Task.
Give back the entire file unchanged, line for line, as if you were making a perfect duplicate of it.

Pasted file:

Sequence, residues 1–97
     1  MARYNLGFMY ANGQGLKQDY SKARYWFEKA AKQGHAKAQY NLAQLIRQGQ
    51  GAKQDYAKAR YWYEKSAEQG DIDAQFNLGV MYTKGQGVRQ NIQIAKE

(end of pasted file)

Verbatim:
Sequence, residues 1–97
     1  MARYNLGFMY ANGQGLKQDY SKARYWFEKA AKQGHAKAQY NLAQLIRQGQ
    51  GAKQDYAKAR YWYEKSAEQG DIDAQFNLGV MYTKGQGVRQ NIQIAKE